Preventing Depression in the Children of Depressed African American Mothers
Behavioral: Prevention Intervention Project
|Study Design:||Allocation: Randomized
Endpoint Classification: Efficacy Study
Intervention Model: Parallel Assignment
Masking: Single Blind (Outcomes Assessor)
Primary Purpose: Prevention
|Official Title:||Children of Depressed Mothers: Culture & Prevention|
- Children Depression Inventory (CDI) [ Time Frame: Measured at baseline and at post-treatment (8 weeks after baseline) ] [ Designated as safety issue: Yes ]Children Depression Inventory (CDI; Kovacs, 1992) is a widely-used self-report scale of depressive symptoms suitable for use by youth ranging from 7 to 17 years. The CDI is a 27-item scale that is self-rated and symptom-oriented. The 27 items on the assessment are grouped into five major factor areas. The item score are rated 0-2 with a total scores summed and converted to T scores. The total T score ranges from 33 to 100 with high scores indicating higher levels of depressive symptoms.
- Multidimensional Anxiety Scale for Children (MASC) [ Time Frame: Measured at baseline and post-treatment (8 weeks after baseline) ] [ Designated as safety issue: No ]Multidimensional Anxiety Scale for Children (MASC; March et al., 1997) is a self-report instrument that measures a broad range of anxiety symptoms in youth. The MASC consists of 39 items using a 4-point Likert scale that are distributed across four major factors, three of which can be parsed into two subfactors each. Main and subfactors include (1) physical symptoms (tense/restless and somatic/autonomic), (2) social anxiety (humiliation/rejection and public performance fears), (3) harm avoidance (perfectionism and anxious coping), and (4) separation anxiety. Scores are summed and converted to T-scores. The total T score ranges from 25 to 90 with higher scores representing greater levels of anxiety.
- Understanding Mood Disorders Questionnaire (UMDQ) [ Time Frame: Measured at baseline and post-treatment (8 weeks after baseline) ] [ Designated as safety issue: No ]Understanding Mood Disorders Questionnaire (UMDQ; Gavazzi, Fristad, & Law, 1997) measures attributions and knowledge of symptoms, course, and treatment of mood disorders and a symptom checklist. It has 39 items and two subscales. A range of total score is 0 to 59. The first 20 questions are true/false questions and correct responses are scored 2 points each. Nineteen questions are a checklist of symptoms and correct identification of those depression and manic symptoms are scored 1 point each. All items are summed for a total score. Higher scores indicate greater knowledge of mood disorders. Both maternal and child reporters completed this measure.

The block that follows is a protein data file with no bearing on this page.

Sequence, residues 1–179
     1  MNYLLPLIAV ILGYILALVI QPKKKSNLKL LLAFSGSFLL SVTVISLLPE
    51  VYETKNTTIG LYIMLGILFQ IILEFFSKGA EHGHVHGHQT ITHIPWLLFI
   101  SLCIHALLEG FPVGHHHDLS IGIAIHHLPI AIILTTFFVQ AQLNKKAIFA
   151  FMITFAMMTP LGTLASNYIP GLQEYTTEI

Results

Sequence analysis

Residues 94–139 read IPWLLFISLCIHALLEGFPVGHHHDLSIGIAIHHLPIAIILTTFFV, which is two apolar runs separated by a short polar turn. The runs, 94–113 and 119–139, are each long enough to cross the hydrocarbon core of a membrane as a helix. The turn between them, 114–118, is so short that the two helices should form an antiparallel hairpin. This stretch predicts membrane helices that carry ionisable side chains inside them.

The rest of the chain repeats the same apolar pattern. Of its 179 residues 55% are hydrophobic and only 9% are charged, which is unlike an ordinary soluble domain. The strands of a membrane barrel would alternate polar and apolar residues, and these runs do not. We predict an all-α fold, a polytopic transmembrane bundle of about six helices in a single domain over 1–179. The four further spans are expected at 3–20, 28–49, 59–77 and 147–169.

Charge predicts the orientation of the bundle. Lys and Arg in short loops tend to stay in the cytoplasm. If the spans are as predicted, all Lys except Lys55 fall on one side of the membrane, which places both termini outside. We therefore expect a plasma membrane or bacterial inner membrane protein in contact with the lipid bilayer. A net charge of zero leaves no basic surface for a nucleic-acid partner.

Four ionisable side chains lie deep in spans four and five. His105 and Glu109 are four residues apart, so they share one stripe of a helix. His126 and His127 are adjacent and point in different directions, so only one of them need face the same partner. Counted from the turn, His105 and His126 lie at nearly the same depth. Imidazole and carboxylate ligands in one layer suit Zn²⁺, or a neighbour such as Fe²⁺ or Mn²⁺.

- Child's Report on Parental Behavior Inventory (CRPBI) [ Time Frame: Measured at baseline and post-treatment (8 weeks after baseline) ] [ Designated as safety issue: No ]Child's Report on Parental Behavior Inventory (CRPBI; Schludermann & Schludermann, 1970) assesses children's and parents' perceptions of parental acceptance, permitting psychological autonomy, and level of parental control. The 10-item acceptance scale which assesses parental warmth was administered. The acceptable scale has items scored from 1 to 3 (not like me, somewhat like me, a lot like me). Items are summed with a total range is 10 to 30. Higher scores represents greater warmth exhibited by mother to child. Separate forms are available for both child and parent report.
|Study Start Date:||February 2008|
|Study Completion Date:||February 2009|
|Primary Completion Date:||February 2009 (Final data collection date for primary outcome measure)|
Experimental: Adapted PIP
Participants (both mother and children) participated in an adapted cognitive family prevention program for the families of children with a depressed African American mother.
The intervention was the Prevention Intervention Project.
Behavioral: Prevention Intervention Project
Eight 1-hour sessions focused on psychoeducation, coping with stress, and cognitive-behavioral strategies. The sessions were tailored as required to meet the clinical and cultural needs of each family; other family members, such as fathers, spouses, and grandparents, were invited to participate in the intervention.
Active Comparator: Lecture
Mothers received psychoeducation about depression.
The intervention was psychoeducation.
Two 1-hour sessions focusing on psychoeducation about depression and its impact on children and the family.
Background: There is limited representation of ethnic minorities in preventive interventions for the generational impact of maternal depression.
Methods: The Preventive Intervention Project (PIP) was adapted to be culturally and contextually relevant for urban African American mothers with depression and their children. A pilot clinical trial (PIP vs. lecture) was conducted.
Please refer to this study by its ClinicalTrials.gov identifier: NCT00904917
|United States, Pennsylvania|
|The Children's Hospital of Philadelphia|
|Philadelphia, Pennsylvania, United States, 19104|
|Principal Investigator:||Rhonda C. Boyd, PhD||Children's Hospital of Philadelphia|